Nolan N-102 Flip-up Helmet
Good modular helmet for riders with round-shaped heads looking for a solid, feature rich modular should be well pleased with the Nolan N102.
If you’re sensitive to weight or price, you may want to look elsewhere.
The Nolan N-102 helmet is a feature rich big brother to the Nolan X-Lite X-1002 which was the subject of a previous webBikeWorld review.
A quick synopsis of the N-102 feature set includes a flip down external sun shade.
It has a one-handed release; a removable anti-fog shield and removable under-chin air dam.
Also, the Nolan “Microlock” Retention System for the chinstrap and a 5 year warranty.
The DOT-approved, GE Lexan shell of the N-102 is available in eight solid colors from a rather sinister looking black graphite to high visibility yellow.
In addition there are six graphics models all with a durable clear coat finish.
The overall finish of the N-102 is excellent. Sizing is available from X-Small to XXL.
So do all these features make for a winner?
I found the N102 comfortable even during extended rides. The interior does an excellent job of absorbing perspiration and keeping it away from the skin unlike some helmets which turn into soggy sponges after a few hours in the saddle.
The antimicrobial interior also appears to do its job even during hot multi-day road trips.
The interior remained odorless compared to some helmet interiors which can begin to smell like a laundry hamper full of gym clothes in no time at all.
The interior padding of the N-102 is completely removable and is kept in place by snaps and tabs. The interior is made from hypoallergenic and antimicrobial material and is very comfortable.
A word that comes to mind when describing the interior is “plush”.
Under the chin of the face shield is a removable rubber air dam. The air dam blocks air from blowing up into the helmet which is a very nice feature in cold weather and it also cuts down noise considerably. The air dam can be removed or replaced in seconds.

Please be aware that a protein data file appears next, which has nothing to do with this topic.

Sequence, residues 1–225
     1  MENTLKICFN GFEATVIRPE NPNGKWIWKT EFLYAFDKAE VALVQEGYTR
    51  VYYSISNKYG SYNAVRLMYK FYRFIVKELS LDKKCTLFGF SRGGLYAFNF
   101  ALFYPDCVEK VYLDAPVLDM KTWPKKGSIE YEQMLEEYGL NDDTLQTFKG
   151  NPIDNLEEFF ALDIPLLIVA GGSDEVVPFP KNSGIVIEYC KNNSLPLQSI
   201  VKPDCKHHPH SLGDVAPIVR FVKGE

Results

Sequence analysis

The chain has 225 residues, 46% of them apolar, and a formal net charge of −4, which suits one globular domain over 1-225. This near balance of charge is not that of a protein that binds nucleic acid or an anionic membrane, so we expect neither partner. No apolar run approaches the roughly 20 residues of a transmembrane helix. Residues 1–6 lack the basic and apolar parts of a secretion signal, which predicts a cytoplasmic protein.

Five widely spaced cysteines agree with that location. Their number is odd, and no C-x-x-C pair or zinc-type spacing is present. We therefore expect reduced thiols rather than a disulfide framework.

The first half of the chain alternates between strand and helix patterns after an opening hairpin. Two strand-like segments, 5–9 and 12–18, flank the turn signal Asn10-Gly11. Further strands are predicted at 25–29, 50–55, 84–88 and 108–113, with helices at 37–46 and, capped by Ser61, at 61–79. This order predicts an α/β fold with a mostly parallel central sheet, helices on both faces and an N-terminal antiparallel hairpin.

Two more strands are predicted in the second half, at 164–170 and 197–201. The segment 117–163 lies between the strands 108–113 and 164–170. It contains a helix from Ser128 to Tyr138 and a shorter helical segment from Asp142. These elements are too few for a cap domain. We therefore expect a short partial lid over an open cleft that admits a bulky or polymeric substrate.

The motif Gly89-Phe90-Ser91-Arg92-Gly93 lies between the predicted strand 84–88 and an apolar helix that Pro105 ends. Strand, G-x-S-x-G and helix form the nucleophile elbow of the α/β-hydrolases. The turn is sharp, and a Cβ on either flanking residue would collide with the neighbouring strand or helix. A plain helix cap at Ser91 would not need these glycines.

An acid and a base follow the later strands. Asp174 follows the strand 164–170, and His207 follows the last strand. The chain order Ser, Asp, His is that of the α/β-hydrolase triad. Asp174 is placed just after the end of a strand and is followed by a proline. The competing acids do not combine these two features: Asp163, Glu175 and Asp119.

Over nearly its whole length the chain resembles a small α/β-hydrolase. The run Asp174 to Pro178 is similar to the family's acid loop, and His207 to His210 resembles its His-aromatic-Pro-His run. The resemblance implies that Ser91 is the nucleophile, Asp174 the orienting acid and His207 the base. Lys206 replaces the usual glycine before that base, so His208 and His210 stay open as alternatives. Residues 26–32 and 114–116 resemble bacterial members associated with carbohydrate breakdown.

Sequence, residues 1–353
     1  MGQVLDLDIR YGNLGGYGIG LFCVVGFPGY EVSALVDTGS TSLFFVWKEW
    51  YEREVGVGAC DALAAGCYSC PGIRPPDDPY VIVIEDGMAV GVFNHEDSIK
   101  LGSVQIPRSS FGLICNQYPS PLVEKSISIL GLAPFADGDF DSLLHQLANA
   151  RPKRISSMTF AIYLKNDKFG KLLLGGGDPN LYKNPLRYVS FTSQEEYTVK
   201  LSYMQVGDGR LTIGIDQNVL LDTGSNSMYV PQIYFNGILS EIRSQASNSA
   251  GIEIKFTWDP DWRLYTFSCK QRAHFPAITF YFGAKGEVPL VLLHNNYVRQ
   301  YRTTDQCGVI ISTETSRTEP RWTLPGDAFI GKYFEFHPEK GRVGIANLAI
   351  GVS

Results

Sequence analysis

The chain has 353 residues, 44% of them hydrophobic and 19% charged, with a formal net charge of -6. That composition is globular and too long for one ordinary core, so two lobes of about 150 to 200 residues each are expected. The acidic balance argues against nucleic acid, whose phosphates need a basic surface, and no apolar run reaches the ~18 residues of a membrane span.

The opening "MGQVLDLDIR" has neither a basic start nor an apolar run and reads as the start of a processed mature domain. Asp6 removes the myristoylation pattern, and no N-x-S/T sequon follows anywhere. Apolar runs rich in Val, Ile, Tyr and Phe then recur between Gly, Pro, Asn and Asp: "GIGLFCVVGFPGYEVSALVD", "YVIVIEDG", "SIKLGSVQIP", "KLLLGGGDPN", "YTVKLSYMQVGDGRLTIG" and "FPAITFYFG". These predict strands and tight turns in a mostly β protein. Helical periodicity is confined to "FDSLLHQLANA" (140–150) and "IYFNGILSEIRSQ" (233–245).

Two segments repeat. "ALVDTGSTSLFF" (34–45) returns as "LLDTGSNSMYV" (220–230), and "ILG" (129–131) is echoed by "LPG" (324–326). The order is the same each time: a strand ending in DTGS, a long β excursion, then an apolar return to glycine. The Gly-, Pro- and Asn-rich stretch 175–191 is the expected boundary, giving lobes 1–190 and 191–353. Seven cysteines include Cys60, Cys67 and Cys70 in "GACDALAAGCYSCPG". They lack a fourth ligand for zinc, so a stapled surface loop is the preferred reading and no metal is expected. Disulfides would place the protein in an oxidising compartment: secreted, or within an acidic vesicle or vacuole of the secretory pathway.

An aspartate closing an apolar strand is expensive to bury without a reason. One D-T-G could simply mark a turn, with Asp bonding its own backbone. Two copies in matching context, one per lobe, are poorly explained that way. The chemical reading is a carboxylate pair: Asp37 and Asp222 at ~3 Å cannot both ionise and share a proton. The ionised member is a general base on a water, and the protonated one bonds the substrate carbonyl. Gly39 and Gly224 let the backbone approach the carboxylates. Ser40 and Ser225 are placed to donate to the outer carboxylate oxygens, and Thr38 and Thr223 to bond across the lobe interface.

I think that the N-102 fitting will favor round heads and full faces, a trait it shares with the X-1002. Some riders may wish for a bit less room around the face and a bit more room for the chin and around the forehead.
For more information on motorcycle helmet internal shapes and selecting and fitting motorcycle helmets, see the wBW Motorcycle Helmet FAQ page.
Ventilation is provided by two flip open ports in front of the helmet and a large three position slider on the top of the helmet. The ventilation provided is adequate but not outstanding.
The front ports are designed so that they are either open or closed but they may be used independently of each other allowing for three possible settings.
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The clear visor used on the Nolan N102 has a single point release via a tab which is located in the middle of the face shield; the tab could probably be slightly larger, which would make it easier to find and use.
When closed, the N102’s Lexan visor seals against a top and bottom rubber gasket, which makes for a very tight and quiet fit. Optically, the visor is superb.
The flip-up, or modular visor is opened by using the thumb to pull a latch located on the bottom of the shield forward and then the forefinger to press down the opening latch which pops out. Although it may sound complicated, it works very nicely even with thick gloves. The locking mechanisms on the N102 are metal and very rugged.
It can be a bit difficult lifting the visor with bulky winter gloves. Also, due to the tight seal of the visor, closing it sometimes requires an extra push from the top to get it fully down.
Sun Shield and Nolan Fog Resistant System
One of the most prominent features of the Nolan N102 is the sun shield, which is mounted on the exterior of the helmet. The sun shield, called the “Vision Protection System” (VPS) by Nolan, may be lifted up and out of the field of vision while riding or removed entirely. The N-102 ships with two latch covers that replace the VPS when it is removed. I don’t notice any buzzing or vibration from the visor when riding with it in the up position at highway speeds.
Optically, the VPS introduces no visual distortions. Its usefulness however will somewhat depend on riding style.
The VPS when fully lowered covers a little over half the height of the main visor and I found that it worked quite well for most riding positions but the potential does exist that a rider could find the visual line made by the VPS distracting in some situations such as looking down at instruments. Also, the difference in light intensity between the visor area and clear area can be troubling in the bright sunlight.
The third feature of the visor is the “Nolan Fog Resistant System” or NFRS. The NFRS is a piece of plastic, most likely Lexan (Nolan isn’t saying), which fits on the inside of the visor between two pins on the main visor. When in place (it is shipped uninstalled) the NFRS did a very nice job of preventing fogging during test rides in temperatures from the 30’s to 90’s.